Schenectady, NY
June 12, 2009


Lake access rules changes spiked
Governor, DEC bow to pressure

BY JASON SUBIK, Gazette Reporter

Gov. David Paterson threw out the proposed rules changes for the Great Sacandaga Lake access permit system Thursday.

Judith Enck, state deputy secretary for the environment, said the opposition to the rules called for a timeout. Thursday was the deadline for Paterson to forward the regulations or stop them. She said the numerous letters she's received on the access permit issue convinced her.

"We're withdrawing the proposed regulations, for now," Enck said. "We just felt like we needed some more time to fully analyze the implications of the changes."

The permit reform process, already years in the making, will begin from scratch, she said. It started with the Hudson River- Black River Regulating District board's proposal for changes.

The DEC-backed rules would have granted public access to the entire shoreline of the Great Sacandaga Lake and would have outlawed any landscaping of the state land, reflecting a push to return the lands to a "natural state." The new regulations would have overturned the decades old lake access permit system. The existing system allows permit holders exclusive use of the state land between their property and the lake for an annual renewal fee.

The proposed rules proved highly unpopular with many of the 4,800 people who own lakeside property, the value of which is often pegged to exclusive lakeside access.

State Sen. Hugh Farley, R-Niskayuna, said he's received calls on the issue from all over the state. He said he and Assemblyman Marc Butler, R-Herkimer, have been lobbying Paterson for weeks to call off the new regulations.

"I'm very, very pleased that he took action here," Farley said.

Great Sacandaga Lake Association President Peter Byron said he was glad Paterson and Enck responded to the pleas of opponents of the regulation change. He praised all of the local and state officials and citizens who wrote letters and placed phone calls expressing concerns about the process.

Peter VanAvery, leader of the Batchellerville Bridge Action Committee, in a news release credited citizen outrage with forcing the state to declare the time-out. But, he said, the controversy "should never have happened."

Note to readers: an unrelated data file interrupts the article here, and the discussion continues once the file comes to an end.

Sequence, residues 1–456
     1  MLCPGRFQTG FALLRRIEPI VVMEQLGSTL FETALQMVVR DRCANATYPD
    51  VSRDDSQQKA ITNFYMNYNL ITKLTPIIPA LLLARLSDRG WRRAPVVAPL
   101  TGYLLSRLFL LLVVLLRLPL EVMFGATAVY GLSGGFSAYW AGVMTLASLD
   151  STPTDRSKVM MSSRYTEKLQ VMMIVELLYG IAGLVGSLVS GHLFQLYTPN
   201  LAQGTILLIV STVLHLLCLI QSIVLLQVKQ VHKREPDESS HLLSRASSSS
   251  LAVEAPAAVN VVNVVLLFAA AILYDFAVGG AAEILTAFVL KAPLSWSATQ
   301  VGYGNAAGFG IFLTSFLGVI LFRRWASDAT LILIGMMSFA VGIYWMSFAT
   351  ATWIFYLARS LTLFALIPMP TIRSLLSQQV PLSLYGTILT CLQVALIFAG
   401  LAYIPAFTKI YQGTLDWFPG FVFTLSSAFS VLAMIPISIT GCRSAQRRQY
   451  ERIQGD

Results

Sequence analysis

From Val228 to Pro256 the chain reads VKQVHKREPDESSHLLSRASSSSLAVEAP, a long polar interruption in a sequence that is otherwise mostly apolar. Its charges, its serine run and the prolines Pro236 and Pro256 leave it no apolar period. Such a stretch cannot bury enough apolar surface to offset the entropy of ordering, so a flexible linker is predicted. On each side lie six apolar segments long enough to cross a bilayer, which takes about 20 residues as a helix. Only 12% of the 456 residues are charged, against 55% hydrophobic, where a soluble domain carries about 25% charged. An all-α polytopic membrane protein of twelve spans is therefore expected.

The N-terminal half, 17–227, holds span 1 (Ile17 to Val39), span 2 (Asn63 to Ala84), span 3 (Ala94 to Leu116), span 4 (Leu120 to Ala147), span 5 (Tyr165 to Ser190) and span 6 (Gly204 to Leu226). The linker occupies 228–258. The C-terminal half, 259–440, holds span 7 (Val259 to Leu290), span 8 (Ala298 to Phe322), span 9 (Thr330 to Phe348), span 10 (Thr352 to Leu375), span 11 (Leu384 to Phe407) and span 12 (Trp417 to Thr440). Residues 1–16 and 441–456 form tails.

Enck said several factors played a role in the decision, including a dispute between National Grid and the district over the district's ability to assess hydropower plants to fund its operating costs.

Earlier this month National Grid dropped its lawsuit against the district, joining other federally licensed hydropower plant owners in negotiations over their shares of the agency's costs. The lawsuit was withdrawn after a federal court ruling and subsequent finding by the Federal Energy Regulatory Commission that the district has no authority to assess the hydro plants for operating costs.

FERC recently directed all parties to settlement negotiations designed to create a new system of assessing fees for downstream beneficiaries of flow from the lake. One session before a FERC administration law judge has been held and a second is scheduled for Wednesday.

Enck said the FERC ruling could potentially have a "very big" impact on the district's operating budget.

"We thought there were just so many moving parts going on that we thought it was responsible to just take a step back and spend more time with the proposed regulations. I want to emphasize that this does not in any way mean that there will be no regulations in the future [but] nothing is imminent," she said.

Enck said the administration still views the Sacandaga shoreline as state forest preserve land and has not given up on reforming the permit system, but she said the administration does not support returning the lands to a "natural state," a viewpoint asserted by district and DEC officials at earlier stages.

"We'll start from the beginning and the value of that is we want to encourage public input in this process," Enck said.

Association President Bryon said members of his organization look forward to participating.

"The GSLA stands ready to provide input as long as the input is accepted. We're happy to do that," he said.

LaFave did not return calls for comment Thursday.